Administrator: How many teachers does it take to change a light bulb?
Teachers: (horrified) CHANGE?!
It is a known trope in the world of education that many teachers resist change. So how is it possible to convince your colleagues to incorporate climate change into their curriculum when it is not mandated in the state standards?
What I have found works best is to speak from the heart, make it local, and listen with empathy.
When I was in the classroom I found that “I’m really worried about climate change” was a great way to open a conversation about climate. Talking about feelings and speaking from the heart immediately brought down my colleague’s defenses and opened up a more honest conversation. Other great sentence starters include “My partner and I were talking about climate change…” and “One of my students mentioned climate change yesterday…” Speaking from the heart matters. Being honest matters. Being real matters.
Making climate change local can impact a teacher’s perspective. As a soccer coach in Connecticut, days of extreme heat and humidity led us to alter our plans for practice after school. At times, I was worried about the safety of my players. Shorter practice sessions and more frequent water breaks were necessary to keep my players cool. Speaking about whatever impacts you and your school the most can have a tremendous impact on your colleagues. The impacts of climate change that affect you the most may include sea level rise, poor air quality, or simply the extreme heat in the classroom that makes it difficult for teaching and learning.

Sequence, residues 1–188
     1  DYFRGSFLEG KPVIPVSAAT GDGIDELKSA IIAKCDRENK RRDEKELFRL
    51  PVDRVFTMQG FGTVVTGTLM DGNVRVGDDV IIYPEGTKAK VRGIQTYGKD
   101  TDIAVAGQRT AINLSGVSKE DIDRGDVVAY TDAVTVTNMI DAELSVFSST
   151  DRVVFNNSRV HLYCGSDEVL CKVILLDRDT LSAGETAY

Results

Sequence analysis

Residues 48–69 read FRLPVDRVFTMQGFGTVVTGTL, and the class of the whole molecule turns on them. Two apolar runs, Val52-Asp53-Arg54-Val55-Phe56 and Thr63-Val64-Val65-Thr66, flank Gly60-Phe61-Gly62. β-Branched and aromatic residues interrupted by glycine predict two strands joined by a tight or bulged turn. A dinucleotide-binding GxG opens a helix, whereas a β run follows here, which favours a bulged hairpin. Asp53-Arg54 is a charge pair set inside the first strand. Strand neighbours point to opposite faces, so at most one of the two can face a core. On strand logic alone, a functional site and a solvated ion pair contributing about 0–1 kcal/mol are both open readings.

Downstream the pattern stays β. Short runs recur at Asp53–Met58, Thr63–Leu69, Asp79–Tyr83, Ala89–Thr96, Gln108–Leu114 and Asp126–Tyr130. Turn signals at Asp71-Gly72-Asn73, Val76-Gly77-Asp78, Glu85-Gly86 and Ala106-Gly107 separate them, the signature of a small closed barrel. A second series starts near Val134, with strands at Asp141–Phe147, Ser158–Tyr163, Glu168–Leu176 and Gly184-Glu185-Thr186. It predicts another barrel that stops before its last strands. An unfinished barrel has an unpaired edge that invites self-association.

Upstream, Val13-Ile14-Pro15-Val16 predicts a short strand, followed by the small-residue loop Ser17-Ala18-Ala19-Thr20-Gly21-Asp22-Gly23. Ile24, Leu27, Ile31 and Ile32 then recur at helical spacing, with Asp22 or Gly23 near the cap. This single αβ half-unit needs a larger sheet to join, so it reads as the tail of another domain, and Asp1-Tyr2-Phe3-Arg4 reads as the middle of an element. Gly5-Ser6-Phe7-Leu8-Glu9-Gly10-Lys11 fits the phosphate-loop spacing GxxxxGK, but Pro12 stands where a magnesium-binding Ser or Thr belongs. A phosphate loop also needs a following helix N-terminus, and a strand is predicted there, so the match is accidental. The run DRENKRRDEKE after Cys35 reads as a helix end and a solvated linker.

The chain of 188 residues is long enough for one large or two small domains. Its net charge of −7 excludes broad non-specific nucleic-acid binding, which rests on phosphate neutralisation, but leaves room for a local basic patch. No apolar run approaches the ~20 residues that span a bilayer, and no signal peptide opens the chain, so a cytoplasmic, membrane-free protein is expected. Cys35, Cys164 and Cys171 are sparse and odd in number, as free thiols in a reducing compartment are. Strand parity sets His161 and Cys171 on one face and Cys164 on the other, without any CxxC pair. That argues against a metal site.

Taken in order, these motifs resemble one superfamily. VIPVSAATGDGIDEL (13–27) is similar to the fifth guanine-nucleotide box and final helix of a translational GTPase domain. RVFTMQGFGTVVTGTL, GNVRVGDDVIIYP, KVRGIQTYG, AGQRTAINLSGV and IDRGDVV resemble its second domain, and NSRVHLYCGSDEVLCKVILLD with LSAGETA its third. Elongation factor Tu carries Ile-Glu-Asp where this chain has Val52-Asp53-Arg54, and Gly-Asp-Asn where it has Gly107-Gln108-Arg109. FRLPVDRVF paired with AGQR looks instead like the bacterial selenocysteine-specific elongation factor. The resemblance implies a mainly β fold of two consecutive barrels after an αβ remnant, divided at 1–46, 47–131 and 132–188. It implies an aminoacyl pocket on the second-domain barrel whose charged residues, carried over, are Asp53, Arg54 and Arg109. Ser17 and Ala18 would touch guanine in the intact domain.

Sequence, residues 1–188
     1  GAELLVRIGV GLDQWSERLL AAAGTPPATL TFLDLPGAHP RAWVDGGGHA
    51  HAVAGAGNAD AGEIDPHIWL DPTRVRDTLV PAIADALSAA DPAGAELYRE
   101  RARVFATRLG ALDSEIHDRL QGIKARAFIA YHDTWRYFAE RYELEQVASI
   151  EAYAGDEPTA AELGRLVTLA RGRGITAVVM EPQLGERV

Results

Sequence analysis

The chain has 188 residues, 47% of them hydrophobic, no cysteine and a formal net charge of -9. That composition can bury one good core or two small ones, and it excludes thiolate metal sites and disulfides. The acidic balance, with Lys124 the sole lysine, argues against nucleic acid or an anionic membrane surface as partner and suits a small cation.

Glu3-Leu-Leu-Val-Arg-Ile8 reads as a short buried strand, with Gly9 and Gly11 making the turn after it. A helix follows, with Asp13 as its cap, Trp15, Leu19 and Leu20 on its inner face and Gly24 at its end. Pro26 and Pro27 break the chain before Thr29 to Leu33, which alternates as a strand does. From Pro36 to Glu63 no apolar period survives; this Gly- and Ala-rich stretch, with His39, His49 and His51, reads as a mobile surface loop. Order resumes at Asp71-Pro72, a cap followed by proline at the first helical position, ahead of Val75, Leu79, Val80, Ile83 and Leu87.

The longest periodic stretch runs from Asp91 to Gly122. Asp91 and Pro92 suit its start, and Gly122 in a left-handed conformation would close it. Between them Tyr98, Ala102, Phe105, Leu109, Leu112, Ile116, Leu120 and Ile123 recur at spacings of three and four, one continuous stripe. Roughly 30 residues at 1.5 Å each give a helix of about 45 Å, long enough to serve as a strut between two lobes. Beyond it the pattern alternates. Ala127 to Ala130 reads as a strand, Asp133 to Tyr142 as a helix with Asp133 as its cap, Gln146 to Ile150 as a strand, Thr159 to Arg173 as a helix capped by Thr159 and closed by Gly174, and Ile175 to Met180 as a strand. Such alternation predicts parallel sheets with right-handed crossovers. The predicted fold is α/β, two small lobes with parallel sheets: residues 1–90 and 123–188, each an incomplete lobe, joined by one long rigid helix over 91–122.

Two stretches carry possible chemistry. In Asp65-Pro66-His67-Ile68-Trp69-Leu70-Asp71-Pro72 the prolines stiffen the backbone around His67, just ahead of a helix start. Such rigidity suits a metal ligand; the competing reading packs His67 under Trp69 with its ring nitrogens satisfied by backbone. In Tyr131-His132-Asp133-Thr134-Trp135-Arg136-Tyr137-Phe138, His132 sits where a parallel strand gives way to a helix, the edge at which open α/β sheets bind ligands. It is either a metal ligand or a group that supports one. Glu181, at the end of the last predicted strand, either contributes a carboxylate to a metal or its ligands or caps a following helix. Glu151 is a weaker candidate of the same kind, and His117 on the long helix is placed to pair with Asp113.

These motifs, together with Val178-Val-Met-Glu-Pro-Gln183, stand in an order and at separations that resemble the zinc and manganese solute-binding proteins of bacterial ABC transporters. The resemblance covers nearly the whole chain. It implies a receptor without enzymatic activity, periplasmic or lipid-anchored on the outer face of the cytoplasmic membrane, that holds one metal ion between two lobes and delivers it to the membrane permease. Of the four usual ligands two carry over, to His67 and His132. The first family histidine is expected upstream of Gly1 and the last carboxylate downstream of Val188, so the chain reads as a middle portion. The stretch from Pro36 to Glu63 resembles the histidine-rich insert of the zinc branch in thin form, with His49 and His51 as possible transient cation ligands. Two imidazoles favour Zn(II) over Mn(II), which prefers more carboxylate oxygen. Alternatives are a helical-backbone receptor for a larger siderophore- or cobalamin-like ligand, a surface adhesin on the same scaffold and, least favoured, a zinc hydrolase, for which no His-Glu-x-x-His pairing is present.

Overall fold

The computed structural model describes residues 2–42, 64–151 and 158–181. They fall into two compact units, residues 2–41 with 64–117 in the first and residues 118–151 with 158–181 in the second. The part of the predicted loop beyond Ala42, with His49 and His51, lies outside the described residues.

As teachers, we know that being a good listener is important. When talking about climate change, challenge yourself to listen for more than 50% of the conversation. Or—even better—challenge yourself to listen for more than 60% or 70% of the conversation. Everybody has something to say about climate change. Some teachers may be skeptical of the science or simply be ignorant of the causes, impacts, and solutions to climate change. It is important never to assume that any teacher—even science teachers—has knowledge of climate change. Listen to your colleagues with empathy and compassion. Perhaps they will reveal something about themselves that you didn’t know.
Having climate conversations with colleagues is a big deal. It takes courage. Whenever you have a climate conversation with somebody at school—whether it works or not—know that you are making a difference.